As an adoptee, I can pour myself into areas where other people “need me” but when I need the same services, “Everything is fine.” I have no idea how to ask others for help when I’m down and out. I have learned by being adopted, suffering in silence is what feels natural and normal to me because I’ve been doing that my whole life.

It is my normal.

However, I recently am trying to change things to be an example to others. I know it will be easier said than done, because I’ve been isolating and embracing seasons of aloneness for 46 years when I have adoptee problems. It’s hard to just “step out of the boat” and say, “EVERYTHING IS NOT OKAY! I AM NOT OKAY.”

We’ll today I decided I want to be transparent with a few areas I have been struggling with, and it’s not easy for me to do. I just hope it will help another adoptee be “okay” with the space they are at, and embrace all the season in our lives, not just the upbeat, happy and positive ones. One way I’m working on changing things for myself, is I’m going to write about it but first things first.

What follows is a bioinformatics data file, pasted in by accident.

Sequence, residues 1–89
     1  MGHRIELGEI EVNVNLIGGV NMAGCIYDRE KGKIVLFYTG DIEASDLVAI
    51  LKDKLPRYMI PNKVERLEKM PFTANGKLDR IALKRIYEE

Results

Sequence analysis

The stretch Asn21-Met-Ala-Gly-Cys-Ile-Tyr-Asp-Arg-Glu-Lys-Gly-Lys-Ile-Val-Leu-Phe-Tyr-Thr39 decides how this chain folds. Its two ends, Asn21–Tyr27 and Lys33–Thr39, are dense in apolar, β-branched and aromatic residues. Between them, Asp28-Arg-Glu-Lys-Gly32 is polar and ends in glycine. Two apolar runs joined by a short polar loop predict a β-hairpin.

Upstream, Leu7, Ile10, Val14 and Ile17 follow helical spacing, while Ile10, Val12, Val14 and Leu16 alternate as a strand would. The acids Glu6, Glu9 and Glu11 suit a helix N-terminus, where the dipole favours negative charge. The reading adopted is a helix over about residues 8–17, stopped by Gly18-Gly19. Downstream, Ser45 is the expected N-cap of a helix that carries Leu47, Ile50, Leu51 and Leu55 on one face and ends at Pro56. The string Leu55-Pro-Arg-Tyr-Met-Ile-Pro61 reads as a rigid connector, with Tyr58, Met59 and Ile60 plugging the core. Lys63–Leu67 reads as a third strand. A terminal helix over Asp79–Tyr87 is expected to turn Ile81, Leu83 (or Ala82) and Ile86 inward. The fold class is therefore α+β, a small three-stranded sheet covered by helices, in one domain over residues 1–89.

I AM CURRENTLY NOT OKAY.

MORE THAN LIKELY, MANY OF US AREN’T OKAY.

It’s okay to not be okay…

I will write about it soon, but for now I want to touch on another topic.

When so many people are spinning “Positive Culture” narratives, it doesn’t leave room for anyone’s heartache, mental health issues, and pain. Don’t get me wrong, there is a place for the positive culture vibes, but we’re in the middle of a pandemic and all the racial tensions, and the elections coming. Covid-19 is here and it’s not going anywhere anytime soon, nor are the other circumstance so many are going through. We really must save space for others to sit at our table who are having real true struggles. Adoptee struggles and non-adoptee struggles. Let me be honest, most of the time people need a listening ear from someone who won’t cast judgement. Believe it or not, that’s so hard to find these days.